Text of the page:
Historically Black Colleges and Universities (HBCUs) were established in the United States early in the 19th century, to provide undergraduate and graduate level educational opportunities to people of African descent. Black students were unwelcome at existing public and private institutions of higher education (IHEs), even after the passing of specific legislation, resulting in a lack of higher education opportunities.

n 1799, Washington and Lee University admitted John Chavis who is noted as the first African American on record to attend college. However, the first African American to have earned a bachelor’s degree from an American university, Alexander Lucius Twilight, graduated from Middlebury College in 1823. Three decades later, Mary Jane Patterson was the first African American woman to earn a bachelor’s degree, graduating from the Abolitionist-centered Oberlin College in 1862. These individuals were singular in accessing higher education.

Richard Humphreys established the African Institute (now Cheyney University) in 1837 in Pennsylvania, making it the oldest HBCU in the United States. Its mission was to teach free African Americans skills for gainful employment. Students were taught reading, writing and basic math alongside religion and industrial arts. During the 1850s, three more HBCUs were founded: Miner Normal School (1851) in Washington, D.C.; Lincoln University (1854) in Pennsylvania; and Wilberforce (1856) in Ohio. The African Methodist Episcopal Church established Wilberforce University, the first HBCU operated by African Americans. The provision of education for people of African descent in early America was recognized by some as unnecessary and criminal, while others saw it as essential and vital.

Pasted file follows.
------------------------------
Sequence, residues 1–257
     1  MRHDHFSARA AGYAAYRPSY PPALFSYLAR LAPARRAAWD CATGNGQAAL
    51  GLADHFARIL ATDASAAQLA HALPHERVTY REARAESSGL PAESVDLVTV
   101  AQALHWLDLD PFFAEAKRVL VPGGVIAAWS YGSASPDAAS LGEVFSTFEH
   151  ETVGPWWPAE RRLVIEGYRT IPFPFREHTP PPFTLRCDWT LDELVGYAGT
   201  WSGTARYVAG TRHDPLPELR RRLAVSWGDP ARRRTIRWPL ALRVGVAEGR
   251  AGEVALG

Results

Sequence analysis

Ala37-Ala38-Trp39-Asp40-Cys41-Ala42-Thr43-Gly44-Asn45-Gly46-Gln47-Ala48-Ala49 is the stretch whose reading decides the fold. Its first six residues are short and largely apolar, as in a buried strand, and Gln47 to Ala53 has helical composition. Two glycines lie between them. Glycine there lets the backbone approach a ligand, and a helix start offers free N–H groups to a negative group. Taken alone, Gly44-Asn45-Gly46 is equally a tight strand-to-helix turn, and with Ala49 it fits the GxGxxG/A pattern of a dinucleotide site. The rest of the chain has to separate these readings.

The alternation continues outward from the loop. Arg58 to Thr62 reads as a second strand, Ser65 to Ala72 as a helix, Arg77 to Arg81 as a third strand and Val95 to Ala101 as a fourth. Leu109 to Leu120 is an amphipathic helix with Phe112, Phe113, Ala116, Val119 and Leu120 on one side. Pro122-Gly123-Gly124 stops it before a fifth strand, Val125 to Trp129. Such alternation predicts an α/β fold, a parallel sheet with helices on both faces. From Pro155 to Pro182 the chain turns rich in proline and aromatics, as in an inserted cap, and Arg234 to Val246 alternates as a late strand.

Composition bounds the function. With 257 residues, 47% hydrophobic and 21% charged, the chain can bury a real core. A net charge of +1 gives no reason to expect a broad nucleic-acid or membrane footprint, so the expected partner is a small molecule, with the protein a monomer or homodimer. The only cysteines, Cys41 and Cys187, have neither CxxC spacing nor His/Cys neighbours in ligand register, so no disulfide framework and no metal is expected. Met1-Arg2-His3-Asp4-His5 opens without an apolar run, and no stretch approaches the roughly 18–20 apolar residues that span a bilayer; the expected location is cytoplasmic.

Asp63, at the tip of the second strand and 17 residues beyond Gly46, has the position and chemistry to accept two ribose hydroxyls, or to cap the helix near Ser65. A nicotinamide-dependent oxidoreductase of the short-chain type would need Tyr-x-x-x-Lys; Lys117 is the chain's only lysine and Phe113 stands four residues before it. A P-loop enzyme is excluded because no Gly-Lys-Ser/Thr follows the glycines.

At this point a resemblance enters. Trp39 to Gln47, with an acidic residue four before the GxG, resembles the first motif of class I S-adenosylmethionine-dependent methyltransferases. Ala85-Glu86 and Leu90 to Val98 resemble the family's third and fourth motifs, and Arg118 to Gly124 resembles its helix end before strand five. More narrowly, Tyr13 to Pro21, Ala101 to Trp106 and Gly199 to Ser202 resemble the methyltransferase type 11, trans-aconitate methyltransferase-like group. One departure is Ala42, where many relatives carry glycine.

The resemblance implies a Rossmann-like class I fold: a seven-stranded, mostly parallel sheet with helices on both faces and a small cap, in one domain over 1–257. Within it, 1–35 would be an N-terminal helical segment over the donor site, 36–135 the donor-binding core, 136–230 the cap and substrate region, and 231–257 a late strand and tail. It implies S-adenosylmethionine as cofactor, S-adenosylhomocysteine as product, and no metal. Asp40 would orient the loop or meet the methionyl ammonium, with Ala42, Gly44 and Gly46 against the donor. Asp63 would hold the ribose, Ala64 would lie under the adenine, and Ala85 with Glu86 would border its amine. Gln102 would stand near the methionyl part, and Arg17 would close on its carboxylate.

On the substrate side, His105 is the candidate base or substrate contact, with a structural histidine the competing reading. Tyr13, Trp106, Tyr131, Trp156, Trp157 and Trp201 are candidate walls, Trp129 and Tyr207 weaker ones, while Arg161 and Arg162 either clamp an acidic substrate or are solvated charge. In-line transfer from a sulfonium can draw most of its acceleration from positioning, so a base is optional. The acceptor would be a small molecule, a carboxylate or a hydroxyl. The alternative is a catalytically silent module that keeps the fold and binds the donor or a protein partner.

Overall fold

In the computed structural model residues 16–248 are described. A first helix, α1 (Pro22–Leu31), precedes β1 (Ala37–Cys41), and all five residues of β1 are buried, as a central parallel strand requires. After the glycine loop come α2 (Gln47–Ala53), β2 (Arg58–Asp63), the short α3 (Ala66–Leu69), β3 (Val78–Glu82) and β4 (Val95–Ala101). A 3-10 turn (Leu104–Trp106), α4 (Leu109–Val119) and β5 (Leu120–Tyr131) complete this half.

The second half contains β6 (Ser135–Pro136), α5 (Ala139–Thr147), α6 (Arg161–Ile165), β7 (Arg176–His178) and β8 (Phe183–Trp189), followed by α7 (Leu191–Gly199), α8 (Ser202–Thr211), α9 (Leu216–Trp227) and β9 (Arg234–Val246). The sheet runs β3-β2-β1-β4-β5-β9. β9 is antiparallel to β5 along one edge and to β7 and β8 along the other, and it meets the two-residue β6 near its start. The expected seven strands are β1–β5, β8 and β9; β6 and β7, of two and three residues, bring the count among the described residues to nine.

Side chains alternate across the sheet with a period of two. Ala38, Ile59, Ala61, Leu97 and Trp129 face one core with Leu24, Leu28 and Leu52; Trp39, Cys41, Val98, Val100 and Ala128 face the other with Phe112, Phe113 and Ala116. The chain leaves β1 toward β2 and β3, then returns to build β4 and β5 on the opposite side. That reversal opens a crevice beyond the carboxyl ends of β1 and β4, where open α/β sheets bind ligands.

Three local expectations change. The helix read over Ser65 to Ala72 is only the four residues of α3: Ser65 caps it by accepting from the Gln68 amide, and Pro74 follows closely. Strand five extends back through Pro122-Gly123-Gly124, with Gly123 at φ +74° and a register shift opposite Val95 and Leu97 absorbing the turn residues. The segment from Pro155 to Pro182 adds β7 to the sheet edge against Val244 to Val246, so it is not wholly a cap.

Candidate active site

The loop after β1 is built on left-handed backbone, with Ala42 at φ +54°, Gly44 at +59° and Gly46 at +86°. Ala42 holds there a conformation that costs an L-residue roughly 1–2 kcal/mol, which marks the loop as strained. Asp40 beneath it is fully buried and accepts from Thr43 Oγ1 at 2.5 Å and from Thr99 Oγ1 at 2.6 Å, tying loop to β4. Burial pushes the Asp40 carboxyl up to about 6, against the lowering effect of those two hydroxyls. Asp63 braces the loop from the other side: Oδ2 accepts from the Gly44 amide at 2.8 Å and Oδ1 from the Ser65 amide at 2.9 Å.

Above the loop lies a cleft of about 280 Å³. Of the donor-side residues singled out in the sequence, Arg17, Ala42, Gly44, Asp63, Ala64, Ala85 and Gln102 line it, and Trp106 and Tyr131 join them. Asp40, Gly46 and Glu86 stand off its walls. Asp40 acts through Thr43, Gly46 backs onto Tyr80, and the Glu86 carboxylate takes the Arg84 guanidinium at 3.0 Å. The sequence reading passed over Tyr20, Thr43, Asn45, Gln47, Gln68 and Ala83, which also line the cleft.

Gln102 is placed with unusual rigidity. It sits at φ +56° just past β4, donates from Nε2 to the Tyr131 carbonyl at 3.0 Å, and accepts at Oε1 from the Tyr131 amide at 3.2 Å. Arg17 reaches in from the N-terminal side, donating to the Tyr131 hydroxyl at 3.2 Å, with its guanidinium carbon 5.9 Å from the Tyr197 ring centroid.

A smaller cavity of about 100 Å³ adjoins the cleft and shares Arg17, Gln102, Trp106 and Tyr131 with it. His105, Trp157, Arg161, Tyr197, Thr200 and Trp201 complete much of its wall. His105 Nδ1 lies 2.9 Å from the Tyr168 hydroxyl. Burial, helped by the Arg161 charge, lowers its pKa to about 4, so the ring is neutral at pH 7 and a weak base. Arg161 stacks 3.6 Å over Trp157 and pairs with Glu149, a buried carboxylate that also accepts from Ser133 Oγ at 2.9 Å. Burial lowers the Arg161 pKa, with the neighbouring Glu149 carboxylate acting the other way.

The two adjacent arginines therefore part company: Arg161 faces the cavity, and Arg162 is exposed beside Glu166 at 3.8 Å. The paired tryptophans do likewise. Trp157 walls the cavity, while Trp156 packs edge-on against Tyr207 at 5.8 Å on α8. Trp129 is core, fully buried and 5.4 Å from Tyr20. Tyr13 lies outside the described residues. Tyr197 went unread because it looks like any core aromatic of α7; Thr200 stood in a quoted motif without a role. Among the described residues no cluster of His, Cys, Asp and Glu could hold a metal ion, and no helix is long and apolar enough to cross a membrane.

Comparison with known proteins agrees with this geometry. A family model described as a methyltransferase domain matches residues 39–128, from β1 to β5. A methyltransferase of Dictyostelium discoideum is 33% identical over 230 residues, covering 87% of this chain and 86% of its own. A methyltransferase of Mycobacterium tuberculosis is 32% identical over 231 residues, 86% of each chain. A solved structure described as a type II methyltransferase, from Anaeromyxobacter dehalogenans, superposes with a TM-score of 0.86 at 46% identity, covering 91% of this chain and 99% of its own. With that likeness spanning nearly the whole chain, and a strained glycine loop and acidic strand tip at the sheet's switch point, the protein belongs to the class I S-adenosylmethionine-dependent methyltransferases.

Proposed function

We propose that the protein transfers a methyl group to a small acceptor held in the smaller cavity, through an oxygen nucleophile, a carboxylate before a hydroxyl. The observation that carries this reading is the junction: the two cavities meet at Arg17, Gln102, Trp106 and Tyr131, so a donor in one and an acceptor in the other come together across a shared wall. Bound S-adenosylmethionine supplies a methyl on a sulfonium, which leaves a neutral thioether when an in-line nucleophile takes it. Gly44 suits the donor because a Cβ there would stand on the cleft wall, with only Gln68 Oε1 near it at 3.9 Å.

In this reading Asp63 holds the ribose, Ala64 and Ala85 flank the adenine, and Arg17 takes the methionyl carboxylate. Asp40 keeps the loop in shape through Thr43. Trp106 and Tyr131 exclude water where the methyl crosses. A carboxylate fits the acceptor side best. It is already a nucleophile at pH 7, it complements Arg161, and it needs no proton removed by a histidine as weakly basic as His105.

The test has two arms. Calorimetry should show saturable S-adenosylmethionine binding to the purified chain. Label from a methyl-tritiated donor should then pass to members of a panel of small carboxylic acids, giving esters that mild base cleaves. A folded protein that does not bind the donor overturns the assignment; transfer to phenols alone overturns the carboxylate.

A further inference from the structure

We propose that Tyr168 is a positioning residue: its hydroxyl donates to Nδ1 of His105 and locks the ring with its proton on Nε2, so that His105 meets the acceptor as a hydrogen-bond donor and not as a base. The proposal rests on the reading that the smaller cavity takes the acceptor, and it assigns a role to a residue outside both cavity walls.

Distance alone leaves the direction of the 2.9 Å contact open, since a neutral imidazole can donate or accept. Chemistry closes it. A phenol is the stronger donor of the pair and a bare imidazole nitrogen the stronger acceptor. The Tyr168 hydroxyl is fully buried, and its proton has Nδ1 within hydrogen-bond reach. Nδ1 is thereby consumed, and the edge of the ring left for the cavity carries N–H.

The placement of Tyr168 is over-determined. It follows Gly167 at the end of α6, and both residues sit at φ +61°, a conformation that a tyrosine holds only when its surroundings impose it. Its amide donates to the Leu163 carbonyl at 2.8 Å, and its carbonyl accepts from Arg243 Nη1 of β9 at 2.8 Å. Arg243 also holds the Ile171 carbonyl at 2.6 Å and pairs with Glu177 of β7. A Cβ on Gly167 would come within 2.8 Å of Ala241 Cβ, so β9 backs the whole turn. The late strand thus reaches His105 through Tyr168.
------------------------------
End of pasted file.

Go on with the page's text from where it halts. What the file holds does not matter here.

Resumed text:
The majority of HBCUs originated from 1865-1900, with the greatest number of HBCUs started in 1867, two years after the Emancipation Proclamation: Alabama State University, Barber-Scotia College, Fayetteville State University, Howard University, Johnson C. Smith University, Morehouse College, Morgan State University, Saint Augustine’s University and Talladega College. Over a century later, HBCUs were still being established with J.F. Drake State Technical College (1961), University of the Virgin Islands (1962), Southern University at Shreveport (1967) and Morehouse School of Medicine (1975). Technically, HBCUs are those IHEs established prior to 1964, to educate persons of African descent. Those founded after 1964 are known as predominantly Black institutions (PBIs), but are included in this study as part of the 101 HBCUs. The technical definition of a PBI, as established in the Higher Education Act of 2008, includes the following criteria: at least 40% African-American students, minimum of 1,000 undergraduates, have at least 50% low-income or first-generation degree seeking undergraduate students, and have a low per full-time undergraduate student expenditure in comparison with other institutions offering similar instruction. These qualifications reflect conditions in which HBCUs operate, and indicate that since their founding, HBCUs have continued to serve their core constituencies: students who are of African descent, and/or first-generation, and/or low-income.